Movie Review – The Commuter
Since 2009, Liam Neeson has been starring in particular kinds of action films in January or around winter time. Spanish filmmaker Jaume Collet-Serra has now directed Neeson in four of those action flicks. Several of them are very similar and follow a certain formula, but this movie feels way more derivative than even the sequels to Taken (2009). In fact, this movie is practically a rip-off of Collet-Serra’s Non-Stop (2014), which Neeson plays a man trapped on an airplane after he’s threatened by a person conspiring to kill people on that plane. This movie is exactly the same, except the airplane is replaced with a train on the Metro North Railroad. Obviously, both movies are murder mysteries with action sequences peppered throughout. Both are relatively fine in their mysteries and action. Non-Stop was probably a better mystery but this movie probably has better action in that there’s arguably more action. When the plot is eventually revealed, it’s somehow more contrived than the ridiculousness that was the ending to Non-Stop.
Neeson plays Michael McCauley, an ex-officer with the NYPD who now works at an insurance agency. He has a daily morning routine, which we see in montage over the course of a year or so. Technically, it’s a routine he’s had for ten years. He has a wife and a teenage son about to go to college. Obviously, he’s doing well for himself, but he’s actually financially strained. One day, on his way home, he’s approached by a woman named Joanna, played by Vera Farmiga (The Conjuring and Orphan) who threatens to kill his family unless he does something for her. Thus begins a fairly thrilling potboiler.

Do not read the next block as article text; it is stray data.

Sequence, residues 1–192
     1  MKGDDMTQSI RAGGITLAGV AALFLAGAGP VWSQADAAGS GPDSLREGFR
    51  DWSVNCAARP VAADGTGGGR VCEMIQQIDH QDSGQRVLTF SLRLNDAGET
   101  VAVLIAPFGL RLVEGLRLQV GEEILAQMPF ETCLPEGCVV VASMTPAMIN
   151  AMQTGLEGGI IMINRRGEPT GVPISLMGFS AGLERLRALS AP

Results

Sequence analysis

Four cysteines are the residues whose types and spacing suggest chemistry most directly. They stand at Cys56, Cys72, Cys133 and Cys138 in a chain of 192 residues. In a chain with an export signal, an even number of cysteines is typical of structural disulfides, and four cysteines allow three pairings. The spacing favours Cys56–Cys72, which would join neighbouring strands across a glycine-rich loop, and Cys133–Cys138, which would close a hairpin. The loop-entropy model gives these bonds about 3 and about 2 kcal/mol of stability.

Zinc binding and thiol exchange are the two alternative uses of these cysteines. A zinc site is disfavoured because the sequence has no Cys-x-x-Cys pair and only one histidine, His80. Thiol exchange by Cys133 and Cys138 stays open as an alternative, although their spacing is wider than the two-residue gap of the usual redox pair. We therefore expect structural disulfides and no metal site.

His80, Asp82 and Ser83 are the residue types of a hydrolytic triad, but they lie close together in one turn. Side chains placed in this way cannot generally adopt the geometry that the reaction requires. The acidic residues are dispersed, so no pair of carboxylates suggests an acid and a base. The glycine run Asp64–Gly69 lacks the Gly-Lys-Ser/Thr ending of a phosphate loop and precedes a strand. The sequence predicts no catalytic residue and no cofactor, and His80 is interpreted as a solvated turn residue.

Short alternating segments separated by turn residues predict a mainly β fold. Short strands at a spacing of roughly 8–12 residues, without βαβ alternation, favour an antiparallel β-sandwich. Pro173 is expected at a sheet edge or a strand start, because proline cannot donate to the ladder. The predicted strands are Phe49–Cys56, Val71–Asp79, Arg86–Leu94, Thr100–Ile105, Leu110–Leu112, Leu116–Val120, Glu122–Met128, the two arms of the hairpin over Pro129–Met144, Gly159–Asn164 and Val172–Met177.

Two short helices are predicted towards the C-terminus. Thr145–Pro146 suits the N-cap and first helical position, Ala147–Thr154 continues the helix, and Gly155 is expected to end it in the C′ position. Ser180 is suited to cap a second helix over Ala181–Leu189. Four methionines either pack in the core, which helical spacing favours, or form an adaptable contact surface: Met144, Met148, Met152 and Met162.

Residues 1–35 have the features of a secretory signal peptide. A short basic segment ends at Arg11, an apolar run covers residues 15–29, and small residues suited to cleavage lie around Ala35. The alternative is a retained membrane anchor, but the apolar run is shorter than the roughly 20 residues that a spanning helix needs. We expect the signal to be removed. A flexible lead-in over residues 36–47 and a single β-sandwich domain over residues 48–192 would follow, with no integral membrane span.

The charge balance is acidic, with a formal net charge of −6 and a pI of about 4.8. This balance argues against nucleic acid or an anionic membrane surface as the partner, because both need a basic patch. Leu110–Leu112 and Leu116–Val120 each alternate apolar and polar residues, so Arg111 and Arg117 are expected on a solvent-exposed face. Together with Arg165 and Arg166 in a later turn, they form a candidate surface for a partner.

The movie features some interesting performances from the supporting cast. There are still issues regarding how the cast is utilized. The desire to get to know them is under-cut by the fact that the mystery depends on us not knowing them fully. The movie is largely a guessing game about who can be trusted and who can’t, and the movie only works if it’s a true guessing game for everyone. However, the end of the movie suggest it’s not.
Joanna tells Michael that someone on his train needs to be found. Apparently, she doesn’t know if the person is male or female, young or old, and black or white. All she knows is the person has a bag and is identified as “Prynne.” Joanna wants Michael to find Prynne or she’ll kill Michael’s family. The movie only works if Joanna truly doesn’t know who Prynne is. The ending suggests that she does, which undermines the whole thing.
The question becomes if Joanna knew who Prynne was the whole time, then her whole plot and threats to Michael are unnecessary. If she did know, then there was a far simpler way for Joanna to kill Prynne than the convoluted mystery she concocts for Michael. Joanna seems to have access to a lot of resources, so killing Prynne wouldn’t be hard, so this whole plot is complicated for no reason.
This film also features Patrick Wilson who co-stars as Alex Murphy, a friend of Michael. Wilson also co-starred with Farmiga in the hit horror film, The Conjuring. That movie certainly makes better use of the two actors than this one.
Rated PG-13 for some intense action/violence and language.
Running Time: 1 hr. and 45 mins.